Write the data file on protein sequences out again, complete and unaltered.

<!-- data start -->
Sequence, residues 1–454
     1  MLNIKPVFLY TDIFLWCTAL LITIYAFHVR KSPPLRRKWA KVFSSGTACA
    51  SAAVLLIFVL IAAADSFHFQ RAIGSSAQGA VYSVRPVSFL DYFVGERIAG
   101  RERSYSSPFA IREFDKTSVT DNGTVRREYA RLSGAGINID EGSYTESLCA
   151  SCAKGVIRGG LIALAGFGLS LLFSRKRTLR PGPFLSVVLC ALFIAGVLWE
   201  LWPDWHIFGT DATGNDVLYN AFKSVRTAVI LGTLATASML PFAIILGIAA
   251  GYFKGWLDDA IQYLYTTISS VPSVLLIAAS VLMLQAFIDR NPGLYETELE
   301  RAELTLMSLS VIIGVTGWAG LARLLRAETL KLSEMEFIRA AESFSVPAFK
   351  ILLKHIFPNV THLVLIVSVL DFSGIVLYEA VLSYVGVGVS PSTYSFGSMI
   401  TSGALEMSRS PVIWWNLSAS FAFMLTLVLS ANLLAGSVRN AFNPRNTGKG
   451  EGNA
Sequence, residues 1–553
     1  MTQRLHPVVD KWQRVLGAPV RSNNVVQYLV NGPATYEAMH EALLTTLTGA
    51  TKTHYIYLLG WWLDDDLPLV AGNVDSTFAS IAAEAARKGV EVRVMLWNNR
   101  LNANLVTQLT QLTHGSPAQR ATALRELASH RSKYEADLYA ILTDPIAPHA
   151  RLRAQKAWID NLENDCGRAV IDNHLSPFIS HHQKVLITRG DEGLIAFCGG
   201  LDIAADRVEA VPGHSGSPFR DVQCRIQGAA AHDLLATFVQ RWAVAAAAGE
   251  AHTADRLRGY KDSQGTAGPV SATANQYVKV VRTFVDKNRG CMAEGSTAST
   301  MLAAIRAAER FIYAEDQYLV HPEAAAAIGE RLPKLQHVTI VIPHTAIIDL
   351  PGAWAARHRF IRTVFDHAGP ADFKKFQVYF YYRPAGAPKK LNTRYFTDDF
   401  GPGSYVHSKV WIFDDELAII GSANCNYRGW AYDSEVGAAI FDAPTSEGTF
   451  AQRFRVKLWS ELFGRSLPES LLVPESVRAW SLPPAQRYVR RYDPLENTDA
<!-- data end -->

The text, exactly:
Sequence, residues 1–454
     1  MLNIKPVFLY TDIFLWCTAL LITIYAFHVR KSPPLRRKWA KVFSSGTACA
    51  SAAVLLIFVL IAAADSFHFQ RAIGSSAQGA VYSVRPVSFL DYFVGERIAG
   101  RERSYSSPFA IREFDKTSVT DNGTVRREYA RLSGAGINID EGSYTESLCA
   151  SCAKGVIRGG LIALAGFGLS LLFSRKRTLR PGPFLSVVLC ALFIAGVLWE
   201  LWPDWHIFGT DATGNDVLYN AFKSVRTAVI LGTLATASML PFAIILGIAA
   251  GYFKGWLDDA IQYLYTTISS VPSVLLIAAS VLMLQAFIDR NPGLYETELE
   301  RAELTLMSLS VIIGVTGWAG LARLLRAETL KLSEMEFIRA AESFSVPAFK
   351  ILLKHIFPNV THLVLIVSVL DFSGIVLYEA VLSYVGVGVS PSTYSFGSMI
   401  TSGALEMSRS PVIWWNLSAS FAFMLTLVLS ANLLAGSVRN AFNPRNTGKG
   451  EGNA
Sequence, residues 1–553
     1  MTQRLHPVVD KWQRVLGAPV RSNNVVQYLV NGPATYEAMH EALLTTLTGA
    51  TKTHYIYLLG WWLDDDLPLV AGNVDSTFAS IAAEAARKGV EVRVMLWNNR
   101  LNANLVTQLT QLTHGSPAQR ATALRELASH RSKYEADLYA ILTDPIAPHA
   151  RLRAQKAWID NLENDCGRAV IDNHLSPFIS HHQKVLITRG DEGLIAFCGG
   201  LDIAADRVEA VPGHSGSPFR DVQCRIQGAA AHDLLATFVQ RWAVAAAAGE
   251  AHTADRLRGY KDSQGTAGPV SATANQYVKV VRTFVDKNRG CMAEGSTAST
   301  MLAAIRAAER FIYAEDQYLV HPEAAAAIGE RLPKLQHVTI VIPHTAIIDL
   351  PGAWAARHRF IRTVFDHAGP ADFKKFQVYF YYRPAGAPKK LNTRYFTDDF
   401  GPGSYVHSKV WIFDDELAII GSANCNYRGW AYDSEVGAAI FDAPTSEGTF
   451  AQRFRVKLWS ELFGRSLPES LLVPESVRAW SLPPAQRYVR RYDPLENTDA